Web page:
Partnership for Child Development Summer Update

National NTD Mapping Informs Ethiopia Deworming

G94% of 535 surveyed districts in Ethiopia are endemic for either schistosomiasis and/or soil-transmitted helminths (STH) – Neglected Tropical Diseases (NTDs) which are commonly found in school-children. This was one finding of the Ethiopian Public Health Institute who supported by Imperial College London’s PCD and SCI recently mapped NTD prevalence alongside Water, Sanitation and Hygiene infrastructure using data collected from 125,000 school-aged children across 2,700 schools. To date, the mapping surveys have informed school-based deworming programmes against STH in Ethiopia’s Oromia and Amhara regions and integrated schistosomiasis and STH campaigns will commence in these and other regions later in the year. Eventually, these campaigns will extend to all areas where children are at risk. Click to read more

Home Grown School Feeding: Time for Donors to Deepen Engagement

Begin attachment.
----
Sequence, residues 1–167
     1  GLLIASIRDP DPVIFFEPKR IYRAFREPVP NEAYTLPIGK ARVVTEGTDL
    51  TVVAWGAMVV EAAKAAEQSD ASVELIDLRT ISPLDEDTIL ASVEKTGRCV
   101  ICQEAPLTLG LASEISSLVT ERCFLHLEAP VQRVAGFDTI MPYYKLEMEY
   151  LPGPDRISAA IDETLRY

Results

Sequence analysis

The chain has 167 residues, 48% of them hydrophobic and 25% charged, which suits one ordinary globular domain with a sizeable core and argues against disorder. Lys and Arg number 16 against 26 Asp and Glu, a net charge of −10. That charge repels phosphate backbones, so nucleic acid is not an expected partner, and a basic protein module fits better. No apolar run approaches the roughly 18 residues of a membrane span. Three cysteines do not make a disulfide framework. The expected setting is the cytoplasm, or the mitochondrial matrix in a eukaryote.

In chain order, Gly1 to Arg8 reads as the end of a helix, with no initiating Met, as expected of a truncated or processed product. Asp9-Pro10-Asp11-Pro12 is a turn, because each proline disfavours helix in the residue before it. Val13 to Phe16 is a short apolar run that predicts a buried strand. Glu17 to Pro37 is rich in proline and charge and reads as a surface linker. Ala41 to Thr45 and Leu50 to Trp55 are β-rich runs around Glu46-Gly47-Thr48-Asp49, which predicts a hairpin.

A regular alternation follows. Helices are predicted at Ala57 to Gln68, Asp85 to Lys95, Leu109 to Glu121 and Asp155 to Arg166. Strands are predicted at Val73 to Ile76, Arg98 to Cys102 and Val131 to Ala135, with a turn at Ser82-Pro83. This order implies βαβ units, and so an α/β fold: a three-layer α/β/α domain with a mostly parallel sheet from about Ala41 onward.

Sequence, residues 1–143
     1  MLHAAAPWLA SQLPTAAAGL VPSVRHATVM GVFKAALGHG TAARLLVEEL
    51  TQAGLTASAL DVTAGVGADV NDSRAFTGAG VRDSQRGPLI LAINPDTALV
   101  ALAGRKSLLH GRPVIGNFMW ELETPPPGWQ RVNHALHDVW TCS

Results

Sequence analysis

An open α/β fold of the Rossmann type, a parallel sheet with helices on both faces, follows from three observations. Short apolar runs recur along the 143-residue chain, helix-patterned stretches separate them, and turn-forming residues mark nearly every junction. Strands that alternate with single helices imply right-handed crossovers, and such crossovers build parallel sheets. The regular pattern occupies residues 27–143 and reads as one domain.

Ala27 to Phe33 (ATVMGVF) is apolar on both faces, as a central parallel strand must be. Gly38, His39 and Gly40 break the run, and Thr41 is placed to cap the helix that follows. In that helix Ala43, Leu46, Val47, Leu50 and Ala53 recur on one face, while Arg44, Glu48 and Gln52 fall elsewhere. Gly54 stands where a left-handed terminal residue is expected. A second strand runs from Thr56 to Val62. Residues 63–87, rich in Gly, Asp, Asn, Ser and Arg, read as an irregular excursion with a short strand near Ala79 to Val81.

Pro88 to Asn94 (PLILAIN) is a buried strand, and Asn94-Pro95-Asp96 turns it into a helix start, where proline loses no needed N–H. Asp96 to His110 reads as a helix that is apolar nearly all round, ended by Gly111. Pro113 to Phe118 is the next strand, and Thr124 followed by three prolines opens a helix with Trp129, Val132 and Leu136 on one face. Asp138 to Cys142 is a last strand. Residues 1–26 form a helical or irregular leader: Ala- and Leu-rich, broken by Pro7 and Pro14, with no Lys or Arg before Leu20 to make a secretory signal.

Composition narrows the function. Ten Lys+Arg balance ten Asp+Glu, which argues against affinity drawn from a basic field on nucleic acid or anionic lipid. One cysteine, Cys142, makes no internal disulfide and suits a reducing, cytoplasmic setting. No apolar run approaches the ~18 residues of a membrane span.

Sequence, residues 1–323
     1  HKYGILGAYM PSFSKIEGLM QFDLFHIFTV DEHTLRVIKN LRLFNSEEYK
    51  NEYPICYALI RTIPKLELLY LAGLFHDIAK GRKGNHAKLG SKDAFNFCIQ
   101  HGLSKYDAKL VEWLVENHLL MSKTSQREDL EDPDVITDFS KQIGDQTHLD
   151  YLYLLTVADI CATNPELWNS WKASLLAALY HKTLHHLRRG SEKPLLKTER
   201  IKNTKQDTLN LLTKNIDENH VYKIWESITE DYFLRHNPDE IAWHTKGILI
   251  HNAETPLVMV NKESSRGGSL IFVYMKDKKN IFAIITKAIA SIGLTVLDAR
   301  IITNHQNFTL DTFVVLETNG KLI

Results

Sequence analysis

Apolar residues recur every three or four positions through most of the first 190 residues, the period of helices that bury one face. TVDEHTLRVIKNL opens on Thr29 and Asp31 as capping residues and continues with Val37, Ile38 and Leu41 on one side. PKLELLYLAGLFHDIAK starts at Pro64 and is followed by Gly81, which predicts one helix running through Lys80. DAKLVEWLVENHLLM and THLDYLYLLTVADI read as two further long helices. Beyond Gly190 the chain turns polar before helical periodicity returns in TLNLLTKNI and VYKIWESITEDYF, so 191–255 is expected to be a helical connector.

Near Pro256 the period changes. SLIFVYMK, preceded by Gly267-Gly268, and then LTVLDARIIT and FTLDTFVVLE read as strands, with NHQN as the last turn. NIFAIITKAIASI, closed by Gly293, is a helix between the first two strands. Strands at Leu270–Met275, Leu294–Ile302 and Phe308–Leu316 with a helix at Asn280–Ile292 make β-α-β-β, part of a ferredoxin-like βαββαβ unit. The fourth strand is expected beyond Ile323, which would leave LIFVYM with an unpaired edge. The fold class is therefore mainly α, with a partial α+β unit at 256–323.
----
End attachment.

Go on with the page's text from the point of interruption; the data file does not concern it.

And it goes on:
PCD2A new policy paper, “Home Grown School Feeding (HGSF): Time for Donors to Deepen Engagement” from Imperial College London’s PCD finds that despite the widespread benefits of HGSF felt in low and middle income countries, donor support to the initiative is significantly lacking. The paper outlines that as substantial challenges remain in meeting the global development goals on hunger, education and poverty, focusing attention on HGSF and other such innovative approaches which link agriculture, health and education sectors is crucial. The HGSF initiative can be described as a “win-win” – ensuring that food for school meals is locally grown, so that smallholder farmers are given a fixed income, and at the same time well fed children are more likely to learn, attend school and develop into healthy adults. Click to read more   Charlotte Broyd Communications Officer Partnership for Child Development

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